Americans Are Reading More, Thanks To BookTok. So Who’s Against It?
This article was written by The Zillennial Zine’s summer editorial intern Alexandra Speck. Find her on Instagram at @alexandraspeckk. If you would like to share an article with The Zillennial, send us an email at email@example.com.
BookTok – natural Tiktok habitat to readers, writers, and artists – is one of the largest communities on the platform, boasting nearly 150 billion views and thousands of creators. BookTok dominates The New York Times Best Sellers list, catapults new authors to fame overnight, and inspires screen adaptations of trending novels. Why are some literature lovers now asking, “Is BookTok ruining reading?” Scroll ahead to find out.
What Is BookTok?
BookTok entered the social media mainstream during the COVID-19 pandemic as a space for like-minded readers to escape an uncertain world. BookTok is primarily a celebration of fiction, with romance authors like Colleen Hoover and Sarah J. Maas reigning supreme. Fantasy, thriller, mystery, and nonfiction all have their niches, and it’s up to the TikTok algorithm to guide you to your favorites.
BookTok isn’t immune to social media drama, but it is a largely positive and informative place of community. While casually scrolling, you’ll likely find reviews, recommendations, memes, and bookstore hauls. Some titles are recommended time and time again, like the ones mentioned in this video.
What’s The Problem? BookTok And Consumerism
I’ve recently noticed a surge in anti-BookTok sentiment, perhaps in accordance with our heightening aversion to influencer culture. In this article from British GQ, “In the shallow world of BookTok, being ‘a reader’ is more important than actually reading,” Barry Pierce condemns BookTok for consumerist culture and performative tendencies. Pierce sketches BookTok creators as panderers to the algorithm, with more energy “being put into being seen as a reader” than into the practice itself.
On her popular YouTube channel The Book Leo, reader Leonie Christel explains the irony in criticizing BookTok for meticulously filled shelves and romantic, indulgent videos. Would BookTok’s disparagers be appeased by plain videography and haphazard stacks?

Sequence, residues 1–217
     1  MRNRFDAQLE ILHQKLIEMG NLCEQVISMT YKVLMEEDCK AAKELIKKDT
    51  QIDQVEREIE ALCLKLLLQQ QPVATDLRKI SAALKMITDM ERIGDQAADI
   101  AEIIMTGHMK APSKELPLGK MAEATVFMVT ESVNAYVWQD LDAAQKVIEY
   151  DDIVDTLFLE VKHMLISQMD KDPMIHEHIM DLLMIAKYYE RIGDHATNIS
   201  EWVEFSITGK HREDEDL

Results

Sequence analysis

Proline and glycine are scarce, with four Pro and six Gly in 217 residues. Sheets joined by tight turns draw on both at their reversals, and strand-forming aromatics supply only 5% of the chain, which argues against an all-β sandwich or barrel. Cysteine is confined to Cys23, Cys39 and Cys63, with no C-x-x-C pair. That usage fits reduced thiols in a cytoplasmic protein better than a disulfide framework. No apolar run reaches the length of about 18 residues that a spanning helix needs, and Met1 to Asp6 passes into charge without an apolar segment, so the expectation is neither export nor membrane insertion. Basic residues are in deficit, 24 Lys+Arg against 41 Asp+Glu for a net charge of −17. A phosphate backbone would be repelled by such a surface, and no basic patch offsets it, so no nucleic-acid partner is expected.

Some suggest that BookTok sets a standard of reading too much and promotes unattainable reading goals. Viewers have reported that this “quantity over quality” rhetoric generates insecurity and inhibits reading for enjoyment.
Minimalists also criticize BookTokers for buying vast quantities of books, but I think that the shoppers are harmless. It’s not as if buying a few reads – thereby supporting authors, publishers, and independent bookstores – is comparable to a Shein spree. Every industry is flawed, but buying too many books – books! – is hardly criminal. Moreover, eBooks are a cheaper and more convenient alternative to paperbacks, so everyone seeking out hard copies evidently values them enough to invest the extra time and money.
Regardless, there are many that support BookTok and recognize its positive impact on social media at large.
People are reading more because of BookTok. Book sales have dramatically increased from their pre-TikTok standings. It is impossible to argue that BookTok discourages the practice of actually reading. Nearly half of American TikTok users reported reading more because of BookTok. And not by a small margin – they’re reading 60% more.
Most importantly, it is one of the few social media spaces that regularly enriches real life. Many, myself included, credit BookTok with “rekindling their love of reading.” Books from TikTok have been a point of connection with many people in my real life, transcending age and gender barriers. Numerous creators recommend diverse books and thoughtfully examine controversial themes, circumventing the algorithm’s “shadow bans” to promote an inclusive environment.
TikTok is a platform with many flaws, and social media isn’t always my cup of tea… but BookTok is the least of its faults.
Is BookTok ruining reading? Or do you support it? Share your thoughts in the comments below!